They help.: Nicotine replacement products have been shown in clinical studies to improve the rate of smoking cessation over quitting "cold turkey". Even better are combining support groups with nicotine replacement. This brings the sustained quit rates to 15-17%. Even better is the prescription drug Chantix which has the most success, but does have some side effects as well. ...Read more
Research is mixed:
The research on this is mixed. The journal tobacco control indicates that nicotine gum or patches aren’t any more effective than going cold turkey over the long-term. Studies show some short-term effectiveness. Either way quitting is positive! My patients have liked this website for help in succeeding in kicking the habit:
http://www. Smokefree. Gov/. ...Read more
Suspect someone using as many as 20 pieces of nicorette (nicotine gum) gum in an hour may be using coke?
Maybe: Hyper focus on activities can be from stimulants like Cocaine but other conditions e.g., mania can induce these behaviors. Schizophrenics can be highly nicotine dependent. Nicotinic brain receptors differ from those stimulants bind to. The person's nicotine dependence (heavy smoker, chewing tobacco) impacts the ability to tolerate such misuse. Encourage medical evaluation and treatment asap! ...Read more
No lung effect ofGum: Nicotine gum has no effect on the lungs of the person chewing it. It is, however, addictive. People who quit smoking by chewing nicotine gum will still need to go through withdrawal from the nicotine at some point. ...Read more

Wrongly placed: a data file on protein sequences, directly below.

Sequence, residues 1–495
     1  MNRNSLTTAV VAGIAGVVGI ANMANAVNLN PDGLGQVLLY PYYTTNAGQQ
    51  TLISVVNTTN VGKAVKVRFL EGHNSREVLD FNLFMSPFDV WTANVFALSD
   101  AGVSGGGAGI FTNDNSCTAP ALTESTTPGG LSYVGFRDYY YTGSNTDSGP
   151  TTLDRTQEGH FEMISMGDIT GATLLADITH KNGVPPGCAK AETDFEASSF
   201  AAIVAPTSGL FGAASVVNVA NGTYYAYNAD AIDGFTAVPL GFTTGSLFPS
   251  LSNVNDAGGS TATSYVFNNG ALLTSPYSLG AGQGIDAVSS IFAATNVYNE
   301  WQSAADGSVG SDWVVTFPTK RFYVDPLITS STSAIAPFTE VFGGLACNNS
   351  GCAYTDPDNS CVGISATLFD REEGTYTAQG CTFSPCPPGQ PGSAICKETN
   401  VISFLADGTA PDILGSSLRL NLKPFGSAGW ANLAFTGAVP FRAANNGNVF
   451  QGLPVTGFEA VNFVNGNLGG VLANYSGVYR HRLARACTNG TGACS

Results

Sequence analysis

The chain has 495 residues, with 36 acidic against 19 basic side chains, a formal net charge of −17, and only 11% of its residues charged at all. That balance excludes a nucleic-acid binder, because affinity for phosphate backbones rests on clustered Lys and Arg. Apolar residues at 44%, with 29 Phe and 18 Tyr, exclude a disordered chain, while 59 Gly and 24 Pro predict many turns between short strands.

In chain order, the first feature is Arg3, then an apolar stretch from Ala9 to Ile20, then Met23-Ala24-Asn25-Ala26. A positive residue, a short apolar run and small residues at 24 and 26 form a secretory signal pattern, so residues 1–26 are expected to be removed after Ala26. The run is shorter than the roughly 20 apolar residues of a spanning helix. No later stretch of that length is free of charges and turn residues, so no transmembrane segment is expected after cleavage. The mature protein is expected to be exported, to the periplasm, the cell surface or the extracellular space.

I suppose: One would expect that a patient needing nitrates would be more likely to have complications from any nicotine compound which would promote vasospasm. However, if the choice were nicorette (nicotine gum) vs. Cigarettes, I would prefer the nicorette (nicotine gum). ...Read more
Yes: There are no contraindications between nicotine replacement therapy and any antidepressant. Hope you are successful with your quit efforts. I generally recommend the use of skin patches, which provide more even levels of nicotine, and then use gum or lozenges only for breakthrough craving, but gum or lozenges alone can work too. ...Read more
Yes: For a long while, the manufacturers put on their package insert that people with heart disease shouldn't use nicotine replacement therapy (NRT). However, it is entirely clear that the greatest risk to health in people with heart disease is continued tobacco smoking, and NRT is clearly safest. What I would NOT do is have a cigarette anywhere near using a nicotine patch or gum. Good luck quitting. ...Read more
You can: Nicotine gum comes in 2 and 4 mg preparations, coated and uncoated. It is designed to help one "kick the habit" of cigarette or chewing tobacco, the physiologic effects of nicotine are many, but none too dramatic, and for that reason one may utilize, in moderation while pregnant. Better than smoking, which has known bad effects (fetal growth retardation), with nicorette (nicotine gum) gum used moderately, thes. ...Read more
Nicorette (nicotine gum): Similar to tobacco in the long run. ...Read more
Not best: Anything that raises your nicotine level and then drops it creates a craving for cigarettes. Nicotine gum & spray do that. Patches feed you an even level of nicotine without spikes. If you use patches do not stop short of 2 months if you can afford that long. Do not rush this. It is a behavior as we'll as a chemical addiction. Wash your clothes. Stop alcohol & coffee if need be. Grad incr exercise. ...Read more
Nicotine maybe,: Cinnamon no. If the oral swab test is looking for cigarette smoking, it measures either nicotine or its major metabolite cotinine (more commonly) and this will be found also in someone using nicotine gum. If they are looking for drugs of abuse, generally nicotine/cotinine are not tested for and will not alter the outcome. ...Read more